BusinessFG, Afreximbank Sign $1bn MoU For Healthcare Dev’t

FG, Afreximbank Sign $1bn MoU For Healthcare Dev’t


February 25, (THEWILL) – The Federal Ministry of Health and Social Welfare and African Export–Import Bank (Afreximbank), have signed a Memorandum of Understanding (MoU) to support the development of Nigeria’s healthcare sector under the Presidential Initiative for Unlocking Healthcare Value Chains (PVAC).

The partnership seeks to support the establishment of world-class medical and health facilities and increase domestic manufacturing of essential pharmaceuticals, diagnostics, vaccines, biologics and medical consumables, through a $1billion Healthcare Value Chain Programme.

The MoU was signed at the maiden African Medical Centre of Excellence (AMCE) Africa Health Forum, themed: “Historical Journey and Mission of AMCE,” in Abuja.

The News Agency of Nigeria (NAN) reports that AMCE is a healthcare development project driven by Afreximbank and King’s College London, aimed to provide world class healthcare across the continent.

Speaking at the event, Minister of Health and Social Welfare, Prof. Ali Pate, said the initiative will unlock the health ecosystem through the $1billion healthcare value chain programme.

The Minister also said that through the programme, the nation will increase domestic production of essential pharmaceuticals, diagnostics, vaccines, medical consumables and devices.

In his welcome remarks, the President and Chairman of the Board of Directors of Afreximbank, Prof Benedict Oramah, said the partnership will also reduce outbound medical tourism by elevating the quality and accessibility of healthcare services within Nigeria.

He disclosed that the project entails developing and operationalising a world-class multi-specialty 500-bed hospital facility to serve the entire African continent, focusing on three core non-communicable diseases namely, Oncology, Haematology and Cardiology.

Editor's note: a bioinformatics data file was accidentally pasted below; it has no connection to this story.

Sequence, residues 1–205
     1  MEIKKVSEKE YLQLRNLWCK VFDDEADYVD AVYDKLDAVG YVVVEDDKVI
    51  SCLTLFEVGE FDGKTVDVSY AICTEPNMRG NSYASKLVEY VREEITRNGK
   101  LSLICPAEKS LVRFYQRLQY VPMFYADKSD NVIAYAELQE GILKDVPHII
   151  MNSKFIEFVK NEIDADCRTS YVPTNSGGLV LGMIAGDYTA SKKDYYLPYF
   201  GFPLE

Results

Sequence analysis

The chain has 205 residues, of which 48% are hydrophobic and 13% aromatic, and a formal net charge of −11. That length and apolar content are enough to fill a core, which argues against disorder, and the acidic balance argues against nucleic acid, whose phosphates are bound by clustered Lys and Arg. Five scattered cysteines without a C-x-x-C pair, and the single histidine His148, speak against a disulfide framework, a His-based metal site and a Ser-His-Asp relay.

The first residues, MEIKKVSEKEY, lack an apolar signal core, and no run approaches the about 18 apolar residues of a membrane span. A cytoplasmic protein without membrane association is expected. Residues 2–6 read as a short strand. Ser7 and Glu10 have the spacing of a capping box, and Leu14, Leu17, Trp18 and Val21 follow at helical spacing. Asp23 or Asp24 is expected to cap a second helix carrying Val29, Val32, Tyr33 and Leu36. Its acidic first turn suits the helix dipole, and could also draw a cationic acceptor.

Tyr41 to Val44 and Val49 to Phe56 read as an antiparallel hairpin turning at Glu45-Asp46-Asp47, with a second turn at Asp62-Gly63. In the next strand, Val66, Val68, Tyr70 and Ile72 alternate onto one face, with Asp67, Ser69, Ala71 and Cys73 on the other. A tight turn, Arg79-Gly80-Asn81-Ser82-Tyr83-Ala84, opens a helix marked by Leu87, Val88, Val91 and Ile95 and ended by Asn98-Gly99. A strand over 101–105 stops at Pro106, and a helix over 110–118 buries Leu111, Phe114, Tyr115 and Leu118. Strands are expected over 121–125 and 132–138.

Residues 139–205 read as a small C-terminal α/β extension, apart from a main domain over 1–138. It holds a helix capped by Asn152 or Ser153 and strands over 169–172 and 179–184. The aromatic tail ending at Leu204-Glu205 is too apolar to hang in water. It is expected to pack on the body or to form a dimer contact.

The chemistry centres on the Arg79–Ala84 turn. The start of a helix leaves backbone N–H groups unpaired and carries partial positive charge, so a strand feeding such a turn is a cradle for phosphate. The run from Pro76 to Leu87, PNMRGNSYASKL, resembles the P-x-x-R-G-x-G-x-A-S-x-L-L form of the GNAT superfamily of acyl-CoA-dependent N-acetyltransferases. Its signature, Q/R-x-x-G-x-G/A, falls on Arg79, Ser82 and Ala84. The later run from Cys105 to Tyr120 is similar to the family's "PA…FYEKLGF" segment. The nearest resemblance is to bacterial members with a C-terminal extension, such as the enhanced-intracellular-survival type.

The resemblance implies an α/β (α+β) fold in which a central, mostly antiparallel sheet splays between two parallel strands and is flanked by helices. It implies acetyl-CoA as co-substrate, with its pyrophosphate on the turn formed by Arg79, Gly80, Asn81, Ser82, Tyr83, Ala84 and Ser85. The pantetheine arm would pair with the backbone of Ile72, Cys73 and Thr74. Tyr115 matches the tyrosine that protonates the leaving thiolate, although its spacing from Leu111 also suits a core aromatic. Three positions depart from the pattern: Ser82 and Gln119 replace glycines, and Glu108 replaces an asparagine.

“The AMCE Abuja is being implemented in partnership with leading global institutions, namely Kings College Hospital, London, the University of Wisconsin Teaching Hospital, USA, and the Christies Hospital, Manchester.

“The facility will serve as a leading centre for research and development in medicine and clinical services, offer residency, training and observership placement programmes to physicians and medical students from Nigeria and other parts of Africa.

“It will also serve as the largest and most diverse biobank in West Africa, enabling it to attract global and pan-African partnerships as well as a reference facility for all Nigerian and regional hospitals in Africa.

“When operational, the facility will tackle the rising burden of non-communicable diseases, capital flight and brain drain of qualified medical personnel; create approximately 3,000 jobs during its construction and operational phases

“It will provide prompt, lifesaving detection and management of serious diseases delivered to over 200,000 patients in Nigeria and a further 150,000 patients from other African countries within its first five years of operation, and promote intra-regional trade in medical services and strengthen supply chains in the medical and pharmaceutical sectors,” he explained.

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